I know, I know. No one likes a blog post that starts off … Sorry for being MIA lately, but. And here it is. There are plenty of excuses of where I’ve been, what the family has been up to, etc. But what it comes down for me personally, is that work has been insane and I’ve been missing out on my PD family.
Let me catch you up with what’s been happening.
Recently, I had the honor of interview the Vanek family for the Michael J Fox Foundation’s blog. The dad, Michael, has PD and is participating in every trial he can. It was seriously one of my favorite, if not my absolute favorite story I’ve written for the blog. Why? Honestly, I’m not sure. But I think it has to do with the innocence of the children in the family.
Little Ben, 6, goes to bed every night praying that “daddy’s Parkinson’s” go away. He doesn’t know what that means really. Nor does he understand that his dad is playing an active role in the cure.
Michael was diagnosed with Parkinson’s at 33. His wife, Sherri, said his progression was slow at first, but now he struggles with “typical” PD issues. Their 9-year-old daughter, Emily, really likes helping her dad with tying his shoes and buttoning his shirts. It’s a “typical,” amazing story of a person and family in the fight against PD. But what really stands out to me is the kids. One day, they’ll fully understand how strong their dad is, and what he’s doing to help cure those like him.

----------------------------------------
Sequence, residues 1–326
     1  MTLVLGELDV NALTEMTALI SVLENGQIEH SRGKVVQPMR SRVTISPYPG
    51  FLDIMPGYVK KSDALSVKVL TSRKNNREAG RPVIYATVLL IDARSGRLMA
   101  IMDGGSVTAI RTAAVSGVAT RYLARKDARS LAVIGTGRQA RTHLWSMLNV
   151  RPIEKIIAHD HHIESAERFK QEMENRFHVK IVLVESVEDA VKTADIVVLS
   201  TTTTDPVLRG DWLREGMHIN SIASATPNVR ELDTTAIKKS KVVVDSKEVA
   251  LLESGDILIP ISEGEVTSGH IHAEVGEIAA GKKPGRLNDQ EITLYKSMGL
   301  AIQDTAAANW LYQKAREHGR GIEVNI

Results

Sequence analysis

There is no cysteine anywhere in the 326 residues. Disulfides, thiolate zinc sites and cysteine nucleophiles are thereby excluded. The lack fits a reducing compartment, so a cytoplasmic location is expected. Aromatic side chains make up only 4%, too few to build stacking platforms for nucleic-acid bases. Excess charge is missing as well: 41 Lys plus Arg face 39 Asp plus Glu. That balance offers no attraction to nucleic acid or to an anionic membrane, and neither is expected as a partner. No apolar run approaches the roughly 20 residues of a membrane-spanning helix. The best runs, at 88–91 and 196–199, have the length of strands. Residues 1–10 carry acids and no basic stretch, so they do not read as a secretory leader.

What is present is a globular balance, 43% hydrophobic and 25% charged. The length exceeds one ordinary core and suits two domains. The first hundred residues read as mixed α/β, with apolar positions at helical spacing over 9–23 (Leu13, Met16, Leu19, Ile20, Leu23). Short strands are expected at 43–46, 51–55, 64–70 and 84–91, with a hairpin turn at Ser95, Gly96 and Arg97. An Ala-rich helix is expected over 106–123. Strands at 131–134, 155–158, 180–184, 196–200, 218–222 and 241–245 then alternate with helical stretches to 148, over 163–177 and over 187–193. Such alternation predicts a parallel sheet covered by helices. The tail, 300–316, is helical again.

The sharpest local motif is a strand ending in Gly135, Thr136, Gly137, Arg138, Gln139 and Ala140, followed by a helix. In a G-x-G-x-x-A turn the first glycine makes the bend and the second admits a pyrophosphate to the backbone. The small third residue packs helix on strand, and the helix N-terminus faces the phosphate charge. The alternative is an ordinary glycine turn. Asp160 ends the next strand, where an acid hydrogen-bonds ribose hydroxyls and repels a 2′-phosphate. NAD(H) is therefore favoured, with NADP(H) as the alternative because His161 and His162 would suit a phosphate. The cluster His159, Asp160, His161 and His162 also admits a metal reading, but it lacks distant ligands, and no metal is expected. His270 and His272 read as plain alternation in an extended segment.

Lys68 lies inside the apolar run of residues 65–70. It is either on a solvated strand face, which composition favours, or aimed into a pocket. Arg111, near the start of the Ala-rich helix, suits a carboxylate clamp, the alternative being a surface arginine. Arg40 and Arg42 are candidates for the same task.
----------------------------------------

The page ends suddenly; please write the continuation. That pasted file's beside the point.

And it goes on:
Other than blogging, I’ve been missing out on the PD life these days. Next weekend though, I’ll be heading to Nancy’s gala — Leave Parkinson’s Behind. I cannot wait. I get to see the Team Fox family, and stay with the Ryans. Things have been insane at work lately as I switched to a super early morning shift after eight years on nights. It’s been pretty stressful, so this break will be just what I need. If I can’t see my parents and Emily, at least I can see my second family.
Then, two weeks later, it’s time for the 5th Annual Golf for the Cure for Parkinson’s Disease. I can’t wait to head home to help my Dad pull off another amazing feat. The outpouring of generosity and love from the community and our friends is something I struggle to put into words. Dad says we’re not going to make as much as last year (when we broke $50,000), but every single donation helps us one step closer to the cure. And the Lake Ashton community always comes out in force.
Dad seems to be taking it a little easier this year, which I think is good! By letting more people help, and delegating some tasks away, hopefully it’ll help from the stress and fatigue of the day. He admitted last year’s event was a little stressful.